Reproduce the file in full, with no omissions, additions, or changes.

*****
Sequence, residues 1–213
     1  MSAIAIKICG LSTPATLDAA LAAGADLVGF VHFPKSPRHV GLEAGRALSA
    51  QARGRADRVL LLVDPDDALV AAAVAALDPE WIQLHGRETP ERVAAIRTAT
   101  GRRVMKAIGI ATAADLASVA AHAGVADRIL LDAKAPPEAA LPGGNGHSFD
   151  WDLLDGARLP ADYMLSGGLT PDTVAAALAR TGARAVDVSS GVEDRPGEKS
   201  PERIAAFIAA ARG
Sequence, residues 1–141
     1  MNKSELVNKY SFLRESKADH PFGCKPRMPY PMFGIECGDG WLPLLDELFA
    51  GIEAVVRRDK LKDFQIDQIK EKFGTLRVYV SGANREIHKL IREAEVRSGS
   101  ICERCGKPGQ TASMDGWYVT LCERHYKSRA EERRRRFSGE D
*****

Sequence, residues 1–213
     1  MSAIAIKICG LSTPATLDAA LAAGADLVGF VHFPKSPRHV GLEAGRALSA
    51  QARGRADRVL LLVDPDDALV AAAVAALDPE WIQLHGRETP ERVAAIRTAT
   101  GRRVMKAIGI ATAADLASVA AHAGVADRIL LDAKAPPEAA LPGGNGHSFD
   151  WDLLDGARLP ADYMLSGGLT PDTVAAALAR TGARAVDVSS GVEDRPGEKS
   201  PERIAAFIAA ARG
Sequence, residues 1–141
     1  MNKSELVNKY SFLRESKADH PFGCKPRMPY PMFGIECGDG WLPLLDELFA
    51  GIEAVVRRDK LKDFQIDQIK EKFGTLRVYV SGANREIHKL IREAEVRSGS
   101  ICERCGKPGQ TASMDGWYVT LCERHYKSRA EERRRRFSGE D